Weapon Systems

F-16's agility, versatility enable US Air Force's ACE concept


The Air Force's Agile Combat Employment (ACE) concept emphasizes the speed, ruggedness and adaptability of its platforms.

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A US Air Force F-16 Fighting Falcon takes off after hot pit refueling in South Korea, January 17, 2024. [US Air Force]
A US Air Force F-16 Fighting Falcon takes off after hot pit refueling in South Korea, January 17, 2024. [US Air Force]

The agility and versatility of the US Air Force's F-16 Fighting Falcons enable them to support the service's Agile Combat Employment (ACE) concept.

Introduced as US Air Force doctrine in 2022, ACE focuses on spreading out power and operations from large, centralized bases to smaller, dispersed locations, providing the force with greater mobility and the ability to rapidly respond to a wide variety of threats.

Physical dispersal further complicates adversaries' abilities to target US Air Force and allied air power, enabling ACE to "increase survivability while generating combat power," according to the Air Force.

The ACE concept centers around multiple, small-scale ground operations in a forward battlefield area supported by multiple fighter and land attack aircraft.

Initially developed in the 1970s, the F-16 has evolved to meet the changing demands of aerial combat and the ACE concept.

It was designed as a lightweight, multirole fighter with a focus on air superiority as an alternative to increasingly heavy and cumbersome fighter aircraft. Its design philosophy emphasized maneuverability, adaptability and cost-effectiveness.

The F-16A entered service with the US Air Force in 1978. Since then, the F-16 has undergone numerous upgrades and variants, ensuring its relevance in the face of emerging threats.

There are currently more than 3,100 F-16s operating in 25 countries, according to its manufacturer. As of 2022, more than 4,550 F-16s had been produced for both the United States and its allies.

At one point, the US Air Force planned to end production of the F-16 by 2017, but ultimately opted to extend the life of the aircraft. Orders in 2019 by Bahrain, Slovakia, Bulgaria, Taiwan and Morocco spurred further aircraft production.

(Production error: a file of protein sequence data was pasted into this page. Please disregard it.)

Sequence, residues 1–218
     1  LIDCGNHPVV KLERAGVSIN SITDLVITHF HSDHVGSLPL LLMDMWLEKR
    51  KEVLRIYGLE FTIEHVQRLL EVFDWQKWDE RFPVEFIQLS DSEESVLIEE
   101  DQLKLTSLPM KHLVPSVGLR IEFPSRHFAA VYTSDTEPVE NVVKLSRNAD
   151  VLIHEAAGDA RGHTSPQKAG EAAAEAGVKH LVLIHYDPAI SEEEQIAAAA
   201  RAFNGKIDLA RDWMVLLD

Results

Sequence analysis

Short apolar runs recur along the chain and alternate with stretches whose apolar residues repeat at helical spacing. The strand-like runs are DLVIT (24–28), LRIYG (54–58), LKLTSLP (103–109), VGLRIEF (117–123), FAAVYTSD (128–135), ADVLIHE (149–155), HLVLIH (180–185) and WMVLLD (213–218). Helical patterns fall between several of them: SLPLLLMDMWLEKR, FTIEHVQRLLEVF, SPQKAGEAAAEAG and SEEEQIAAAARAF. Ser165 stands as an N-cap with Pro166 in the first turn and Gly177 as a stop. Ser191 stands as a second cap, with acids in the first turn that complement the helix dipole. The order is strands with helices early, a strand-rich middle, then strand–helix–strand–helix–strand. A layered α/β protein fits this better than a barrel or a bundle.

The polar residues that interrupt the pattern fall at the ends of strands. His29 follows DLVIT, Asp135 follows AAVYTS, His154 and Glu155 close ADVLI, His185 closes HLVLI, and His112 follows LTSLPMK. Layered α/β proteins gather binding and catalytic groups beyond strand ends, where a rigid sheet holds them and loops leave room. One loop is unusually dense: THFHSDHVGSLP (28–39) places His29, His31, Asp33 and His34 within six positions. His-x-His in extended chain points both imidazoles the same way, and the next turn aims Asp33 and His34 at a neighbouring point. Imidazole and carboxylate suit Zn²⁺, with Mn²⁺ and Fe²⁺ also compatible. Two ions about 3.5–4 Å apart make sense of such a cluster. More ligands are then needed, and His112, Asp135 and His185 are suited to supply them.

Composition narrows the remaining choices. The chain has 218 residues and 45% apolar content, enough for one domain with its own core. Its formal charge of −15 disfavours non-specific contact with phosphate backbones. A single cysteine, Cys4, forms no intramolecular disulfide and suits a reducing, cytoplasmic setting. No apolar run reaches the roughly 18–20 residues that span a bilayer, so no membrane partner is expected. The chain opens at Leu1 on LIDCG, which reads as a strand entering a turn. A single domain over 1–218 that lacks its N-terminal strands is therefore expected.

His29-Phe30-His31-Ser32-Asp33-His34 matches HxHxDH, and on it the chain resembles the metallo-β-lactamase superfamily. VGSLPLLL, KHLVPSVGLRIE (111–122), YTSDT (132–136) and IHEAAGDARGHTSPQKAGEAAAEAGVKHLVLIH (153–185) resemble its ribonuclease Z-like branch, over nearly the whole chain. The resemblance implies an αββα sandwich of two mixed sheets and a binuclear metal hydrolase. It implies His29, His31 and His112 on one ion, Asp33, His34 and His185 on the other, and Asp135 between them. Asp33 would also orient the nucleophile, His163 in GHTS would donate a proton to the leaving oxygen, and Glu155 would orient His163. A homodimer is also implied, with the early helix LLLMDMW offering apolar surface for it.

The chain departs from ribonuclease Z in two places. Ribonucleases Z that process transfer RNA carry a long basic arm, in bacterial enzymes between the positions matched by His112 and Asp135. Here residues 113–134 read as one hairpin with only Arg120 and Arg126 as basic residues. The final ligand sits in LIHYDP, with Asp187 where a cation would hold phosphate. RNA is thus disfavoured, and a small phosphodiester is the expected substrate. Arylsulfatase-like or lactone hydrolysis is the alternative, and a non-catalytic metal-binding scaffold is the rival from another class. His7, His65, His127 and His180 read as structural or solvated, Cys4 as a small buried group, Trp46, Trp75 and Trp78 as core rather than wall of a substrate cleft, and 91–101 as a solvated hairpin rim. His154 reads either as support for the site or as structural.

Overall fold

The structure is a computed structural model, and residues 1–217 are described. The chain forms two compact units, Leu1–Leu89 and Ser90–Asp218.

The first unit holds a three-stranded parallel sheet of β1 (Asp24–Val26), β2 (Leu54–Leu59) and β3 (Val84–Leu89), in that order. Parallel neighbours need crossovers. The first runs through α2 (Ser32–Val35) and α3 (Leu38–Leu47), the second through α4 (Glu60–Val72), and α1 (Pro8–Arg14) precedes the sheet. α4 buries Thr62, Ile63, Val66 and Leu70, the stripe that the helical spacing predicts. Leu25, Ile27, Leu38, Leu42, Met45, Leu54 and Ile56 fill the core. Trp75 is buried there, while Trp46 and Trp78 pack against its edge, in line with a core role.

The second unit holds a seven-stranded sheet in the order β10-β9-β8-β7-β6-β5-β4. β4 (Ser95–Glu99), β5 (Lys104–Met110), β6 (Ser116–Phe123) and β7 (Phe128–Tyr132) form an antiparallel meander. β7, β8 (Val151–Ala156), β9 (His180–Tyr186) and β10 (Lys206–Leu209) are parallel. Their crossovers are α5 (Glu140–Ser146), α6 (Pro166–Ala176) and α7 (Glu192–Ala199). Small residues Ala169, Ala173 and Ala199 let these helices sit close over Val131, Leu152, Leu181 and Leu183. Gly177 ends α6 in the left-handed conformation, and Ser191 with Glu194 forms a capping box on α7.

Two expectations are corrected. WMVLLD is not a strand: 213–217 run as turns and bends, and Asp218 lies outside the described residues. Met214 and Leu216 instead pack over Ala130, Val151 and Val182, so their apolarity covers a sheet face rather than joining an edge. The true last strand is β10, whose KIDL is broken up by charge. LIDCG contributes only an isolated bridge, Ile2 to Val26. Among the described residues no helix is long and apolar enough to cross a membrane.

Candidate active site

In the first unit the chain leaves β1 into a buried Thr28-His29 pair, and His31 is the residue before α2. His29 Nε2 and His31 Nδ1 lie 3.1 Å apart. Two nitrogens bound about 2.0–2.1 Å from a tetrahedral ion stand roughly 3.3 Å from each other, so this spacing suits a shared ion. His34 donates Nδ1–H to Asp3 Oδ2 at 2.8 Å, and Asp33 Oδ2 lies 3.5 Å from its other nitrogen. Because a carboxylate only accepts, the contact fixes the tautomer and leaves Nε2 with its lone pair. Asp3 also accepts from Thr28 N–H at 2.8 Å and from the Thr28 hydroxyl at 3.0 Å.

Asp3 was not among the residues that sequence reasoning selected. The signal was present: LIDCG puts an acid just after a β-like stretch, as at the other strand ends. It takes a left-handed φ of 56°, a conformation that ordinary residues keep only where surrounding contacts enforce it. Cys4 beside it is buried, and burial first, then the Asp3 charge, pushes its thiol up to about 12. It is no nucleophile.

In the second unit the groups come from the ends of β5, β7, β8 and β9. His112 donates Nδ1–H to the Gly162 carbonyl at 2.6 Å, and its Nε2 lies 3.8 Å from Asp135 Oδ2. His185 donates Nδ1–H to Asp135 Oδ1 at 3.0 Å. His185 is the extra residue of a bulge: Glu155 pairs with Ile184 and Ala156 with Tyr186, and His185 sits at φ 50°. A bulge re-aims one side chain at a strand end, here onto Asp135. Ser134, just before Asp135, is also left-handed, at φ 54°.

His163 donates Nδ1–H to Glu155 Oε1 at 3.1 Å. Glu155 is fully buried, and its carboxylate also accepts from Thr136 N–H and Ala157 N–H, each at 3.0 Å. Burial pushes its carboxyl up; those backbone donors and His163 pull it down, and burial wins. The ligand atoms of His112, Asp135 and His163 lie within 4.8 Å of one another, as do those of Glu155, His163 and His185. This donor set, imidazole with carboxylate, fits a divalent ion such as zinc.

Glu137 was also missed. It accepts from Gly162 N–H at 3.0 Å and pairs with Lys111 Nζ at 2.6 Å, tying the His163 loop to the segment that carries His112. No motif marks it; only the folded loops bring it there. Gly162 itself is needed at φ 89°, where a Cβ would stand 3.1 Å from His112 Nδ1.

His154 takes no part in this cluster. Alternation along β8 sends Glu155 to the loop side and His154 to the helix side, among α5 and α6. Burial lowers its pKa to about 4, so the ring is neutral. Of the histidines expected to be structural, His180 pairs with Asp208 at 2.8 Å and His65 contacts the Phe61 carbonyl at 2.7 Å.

International users range from Chile to Singapore to Middle Eastern nations including Bahrain, Egypt, Iraq and Jordan. After Türkiye and Israel, Egypt operates the largest F-16 fleet in the region.

A match for ACE

The F-16's speed, adaptability and ubiquity are all traits that enable it to support the US Air Force's ACE concept.

With a full load of internal fuel, the F-16 can withstand up to nine G's -- nine times the force of gravity -- and travel at speed of up to 1,500 mph (Mach 2 at altitude), enabling it to quickly reach targets.

The aircraft is agile in air-to-air fighting, ground attack and electronic warfare, and is capable of flying more than 500 miles (805km) to deliver weapons with superior accuracy and defend against enemy aircraft, according to the Air Force.

All F-16s delivered since 1981 have "built-in structural and wiring provisions and systems architecture that permit the multi-role flexibility to perform precision strike, night attack and beyond-visual-range interception missions," it says.

The F-16 has nine hard points for mounting a wide variety of missiles, bombs, and pods to tackle a variety of missions, in addition to two other locations under the fuselage that are available for sensor or radar pods.

It also carries a 20mm M61A1 Vulcan cannon, which is mounted inside the fuselage to the left of the cockpit.

Its presence in various air forces also underscores its reliability and effectiveness in diverse operational environments.

The abundance of F-16 fighters worldwide ensures a strong pool of maintainers and supply parts -- a key tenant of the ACE concept.

The F-16 was designed to be relatively inexpensive and simple to maintain to provide a relatively low-cost, high-performance weapon system for the United States and allied nations.

"In designing the F-16, advanced aerospace science and proven reliable systems from other aircraft such as the F-15 and F-111 were selected," according to a US Air Force fact sheet. "These were combined to simplify the airplane and reduce its size, purchase price, maintenance costs and weight."

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